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Brady rips pants playing golf

How will the virus change face of sports?

The misery tied to COVID-19 may actually change the way sports fans look at professional million-dollar players. Fans may really start to think, amid the misery now being felt around the world, why are we paying so much to watch adults play a kid’s game, with so many of them raking in multi-million-dollar paychecks? I know the unemployed fans are going to feel that way.

For the unemployed in the U.S., estimated to peak around 20 percent this year by more than a handful of respected sources, there won’t be enough money to afford those $150 cheap seats at the NFL stadium, if indeed there is a season this year (I’m betting there won’t be a season this fall). In fact, earlier this month, Goldman Sachs warned that the unemployment number will peak at 35 percent either this year or next. Will the MLB sport a season this summer with stadiums full of fans who aren’t worried about viral spread? I’m betting no. Even a shortened season.

Scratch that stadium scenario. If the NFL opens up the stadiums next fall, for example, the fans will show up, and then later, show up at the hospital if they get unlucky, in need of a ventilator. You’ve seen some of the NFL fans. It’s 10 below zero, but many of the fans are shirtless, painted in the team’s colors, hair dyed purple, guzzling their 20th 16-ounce plastic cup full of $10 tasteless Bud Light. Even with a 35-percent unemployment rate, there will always be enough people with money to pack a stadium. The trouble for the NFL, even before the pandemic, most of the NFL stadiums last season were empty relative to better times.

Seriously, though, this whole virus thing is changing the way most of us think about, well, most things. When the real serious stuff starts to happen (e.g., almost 100,000 dead from COVID-19 in the U.S. with many more deaths predicted to follow), the petty things, like pro sports, that most people use to live by, will slip by the wayside. That, I think, is a good thing. For too many years, pro athletes have been hailed as demi-gods, heroes; at least the truly spectacular athletes like Tiger Woods, Wayne Gretzky, Tom Brady, Michael Jordan, etc. They were, however, simply born with enough superb talent at a particular sport, practiced their craft, and made it to number one in their respective sport. In sports, as in music, a person can practice 24/7 and never end up spectacular. It always takes the talent as well, and that’s nothing more than an accident of birth, genetics, if you like.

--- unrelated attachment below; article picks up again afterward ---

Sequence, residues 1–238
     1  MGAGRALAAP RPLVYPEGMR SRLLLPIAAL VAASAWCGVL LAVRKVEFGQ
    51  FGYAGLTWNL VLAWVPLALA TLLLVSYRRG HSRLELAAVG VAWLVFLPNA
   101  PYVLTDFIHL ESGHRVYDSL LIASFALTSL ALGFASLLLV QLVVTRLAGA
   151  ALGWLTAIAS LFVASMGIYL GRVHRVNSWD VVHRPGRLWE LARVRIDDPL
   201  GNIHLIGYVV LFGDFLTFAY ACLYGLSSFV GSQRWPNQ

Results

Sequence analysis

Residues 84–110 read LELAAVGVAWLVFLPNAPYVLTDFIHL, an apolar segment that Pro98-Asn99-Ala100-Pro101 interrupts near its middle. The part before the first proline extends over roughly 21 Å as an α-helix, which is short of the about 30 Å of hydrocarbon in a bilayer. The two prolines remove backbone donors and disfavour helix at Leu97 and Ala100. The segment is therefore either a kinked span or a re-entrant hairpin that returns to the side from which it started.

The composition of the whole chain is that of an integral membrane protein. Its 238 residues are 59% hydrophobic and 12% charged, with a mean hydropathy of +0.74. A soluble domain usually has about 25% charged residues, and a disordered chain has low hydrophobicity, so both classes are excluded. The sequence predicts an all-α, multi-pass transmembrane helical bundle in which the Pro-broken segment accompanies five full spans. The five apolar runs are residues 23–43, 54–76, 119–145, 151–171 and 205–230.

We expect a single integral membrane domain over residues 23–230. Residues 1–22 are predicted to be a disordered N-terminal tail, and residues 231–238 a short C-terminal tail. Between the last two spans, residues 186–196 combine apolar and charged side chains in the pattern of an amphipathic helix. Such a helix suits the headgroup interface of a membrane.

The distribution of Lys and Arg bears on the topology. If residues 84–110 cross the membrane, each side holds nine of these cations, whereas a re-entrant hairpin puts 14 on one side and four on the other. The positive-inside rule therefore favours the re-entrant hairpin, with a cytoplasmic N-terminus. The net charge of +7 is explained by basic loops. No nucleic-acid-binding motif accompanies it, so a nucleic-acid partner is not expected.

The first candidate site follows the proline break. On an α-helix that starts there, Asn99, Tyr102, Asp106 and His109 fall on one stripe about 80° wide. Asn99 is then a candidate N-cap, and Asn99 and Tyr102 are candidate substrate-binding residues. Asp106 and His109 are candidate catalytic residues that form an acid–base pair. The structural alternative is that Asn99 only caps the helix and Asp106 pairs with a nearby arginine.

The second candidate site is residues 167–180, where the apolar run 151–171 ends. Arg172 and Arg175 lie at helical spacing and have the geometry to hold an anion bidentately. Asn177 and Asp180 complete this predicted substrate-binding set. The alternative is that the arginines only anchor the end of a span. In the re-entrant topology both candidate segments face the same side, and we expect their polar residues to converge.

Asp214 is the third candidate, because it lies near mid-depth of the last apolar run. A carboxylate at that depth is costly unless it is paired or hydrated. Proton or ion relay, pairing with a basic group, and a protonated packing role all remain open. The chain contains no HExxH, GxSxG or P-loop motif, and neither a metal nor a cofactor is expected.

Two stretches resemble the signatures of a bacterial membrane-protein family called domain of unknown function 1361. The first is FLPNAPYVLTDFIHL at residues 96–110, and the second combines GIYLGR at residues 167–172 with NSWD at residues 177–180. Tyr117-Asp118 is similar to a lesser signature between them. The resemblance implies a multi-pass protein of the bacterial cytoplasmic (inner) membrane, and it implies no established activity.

Besides, why call any athlete a hero? Did he or she just run into a burning building to rescue a baby? No? Then quit with the hero crap. Please.

At the pro-sports level, even the guys, women, too, who aren’t number one are paid a lot of money. Granted, for athletes who play most pro sports, their lifetime career is usually less than 10 years, I’m guessing, unless you’re Tom Brady, so their money-making potential doesn’t last long, but even the average players are making more than most Americans make in a lifetime. Meaning, I think, this virus is going to cause some hard feelings on the part of Joe Six-Pack when it comes to guys who play pro sports and then still want to gripe about social issues. Just play the game and shut up already. If I wanted to hear about politics, I’d turn to cable news.

With the PGA Tour stuck in neutral, thanks to COVID, perhaps the biggest sporting event this past weekend was a charity event that had Tiger Woods and Tom Brady battling Phil Mickelson and Peyton Manning. Can any one say, “Who gives a…?” To which I would say, I fully agree. Who cares? The one good thing that came out of it, two actually, was that the event raised approximately $20 million for coronavirus relief. How that money will be doled out, I don’t yet know. I don’t even know who won the tourney, nor do I care.

You know what the big news was? Tom Brady split the seat of his pants while bending over to retrieve his ball from the cup. Thankfully, based on the photos I’ve seen, Gisele’s husband was wearing underwear.

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